“Which type of meat? Pinto or black beans? White or brown rice? Any toppings?” Upon entering either one of Erie’s two Chipotle locations, these are the questions that many a burrito-crazed customer would be more than happy to answer. However, notice that no where in this borderline interrogation can the question, “Would you like E. Coli with that?” be found.
The first Chipotle Mexican Grill was founded by Steve Ellis in the year 1993, in the city of Denver, Colorado. Rapidly winning over the favor of locals, and proving its legitimacy to early investors, such as McDonald’s, Chipotle earned the ranking of 2010’s third fastest-growing restaurant chain, based on increases in U.S. sales percentages. Today, Chipotle boasts the statistic of owning nearly 2,000 locations among five nations, employing nearly 5,000 people. Grossing a multi-billion dollar annual revenue and exhibiting an indisputable level of success, one would assume that the experience of Chipotle’s vast, devoted consumer base would be the restaurant’s highest level of concern. However, this restaurant’s reputation took a hit after a series of incidents left Chipotle customers feeling ill.
It all started in August of 2015 when a norovirus outbreak hit a Chipotle in Simi Valley, California, leading to 234 documented cases of E. Coli between customers and employees. Further outbreaks in Washington and Oregon, in late October 2015, caused this popular Mexican restaurant to close 43 locations in the area in early November. A second strain of E. Coli, STEC O26, was furthermore identified by the FDA and linked to Chipotle locations in California, Minnesota, New York, Ohio, Illinois, and Maryland, affecting 53 people as of December 18, 2015. As of December 22, five new cases of the strain had been reported in Kansas, North Dakota, and Oklahoma, linked to two specific restaurant locations in Kansas and Oklahoma.
E. Coli bacteria is naturally found in the human digestive tract, but certain strains of this bacteria can cause vomiting or bloody diarrhea. It should therefore be of no surprise that an outbreak of such a legitimately disabling sickness has been epitomized in the filing of a lawsuit by two especially discontent customers, plummeting stock values, and turning an otherwise passionate fan base apprehensive. Chipotle CEO Steve Ellis figured enough was enough, and made the executive decision to close every single Chipotle restaurant for a day, in order to reevaluate health standards and “initiatives at the supply level” within “central kitchens and restaurants.”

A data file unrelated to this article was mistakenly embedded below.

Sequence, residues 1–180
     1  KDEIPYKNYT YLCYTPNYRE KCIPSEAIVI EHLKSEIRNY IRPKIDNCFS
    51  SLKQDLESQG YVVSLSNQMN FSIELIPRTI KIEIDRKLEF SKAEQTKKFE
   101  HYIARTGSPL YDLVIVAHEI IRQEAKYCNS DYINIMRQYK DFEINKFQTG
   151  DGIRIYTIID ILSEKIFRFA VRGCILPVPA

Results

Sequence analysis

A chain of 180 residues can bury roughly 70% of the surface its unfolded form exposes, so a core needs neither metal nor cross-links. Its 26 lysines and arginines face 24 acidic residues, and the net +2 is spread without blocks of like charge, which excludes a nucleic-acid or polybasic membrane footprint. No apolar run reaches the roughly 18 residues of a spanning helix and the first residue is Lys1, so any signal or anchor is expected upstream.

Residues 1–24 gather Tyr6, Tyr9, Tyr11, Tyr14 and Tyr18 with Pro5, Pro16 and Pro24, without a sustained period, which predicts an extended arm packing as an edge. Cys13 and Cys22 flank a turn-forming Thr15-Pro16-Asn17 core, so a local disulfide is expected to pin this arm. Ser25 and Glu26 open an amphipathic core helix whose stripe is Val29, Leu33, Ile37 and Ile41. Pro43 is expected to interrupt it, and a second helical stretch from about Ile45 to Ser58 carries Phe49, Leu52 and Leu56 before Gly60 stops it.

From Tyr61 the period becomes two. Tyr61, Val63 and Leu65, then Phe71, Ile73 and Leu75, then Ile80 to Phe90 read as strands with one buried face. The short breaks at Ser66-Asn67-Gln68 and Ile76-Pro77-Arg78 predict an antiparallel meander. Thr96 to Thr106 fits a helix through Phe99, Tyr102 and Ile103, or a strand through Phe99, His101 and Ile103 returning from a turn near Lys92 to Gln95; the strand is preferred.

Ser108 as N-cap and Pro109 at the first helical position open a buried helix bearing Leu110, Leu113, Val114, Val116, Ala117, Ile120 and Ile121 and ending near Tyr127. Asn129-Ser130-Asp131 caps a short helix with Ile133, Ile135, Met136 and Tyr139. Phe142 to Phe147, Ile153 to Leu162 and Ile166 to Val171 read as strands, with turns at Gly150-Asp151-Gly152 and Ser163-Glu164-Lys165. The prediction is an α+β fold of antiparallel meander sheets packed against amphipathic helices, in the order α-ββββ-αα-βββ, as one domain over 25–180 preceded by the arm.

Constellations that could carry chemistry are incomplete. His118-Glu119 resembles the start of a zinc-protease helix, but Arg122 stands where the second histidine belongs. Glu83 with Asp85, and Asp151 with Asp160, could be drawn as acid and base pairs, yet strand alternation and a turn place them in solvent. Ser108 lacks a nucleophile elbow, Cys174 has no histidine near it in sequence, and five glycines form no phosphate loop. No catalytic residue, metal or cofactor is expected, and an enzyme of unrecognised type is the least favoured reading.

The general consensus among public relations workers is that this was essentially the worst possible way for Chipotle to handle this crisis. People are now overly aware of a topic that could’ve otherwise blown over with time. In addition, having to close restaurants for an entire day suggests that Chipotle will still have issues with their health standards until the February 8th closing.
Regarding the logistics behind what may have caused E. Coli’s presence, I turned to Metz chef and Cathedral Prep lunch provider, James Wrigley. “It’s not difficult to happen, if you’re not diligent with health standards. There must have been some mishap in either the washing of vegetables or the cleaning/cooking of meat. Regardless, there must have been failures by multiple employees at multiple levels.”
I’m a barbacoa meat, white rice, pinto bean, cheese, lettuce, corn salsa, sour cream, and guacamole type of guy. I might even treat myself to some chips and a drink, if I feel like splurging. However, until February 8th, no combination of delicious Mexican cuisine could convince me to risk the chance of vomiting or experiencing bloody diarrhea. Let’s therefore hope, for everyone’s sake, that Chipotle will take hold of their issues, and return back to the desirable, deliciously hip Mexi-American restaurant they worked so hard to become.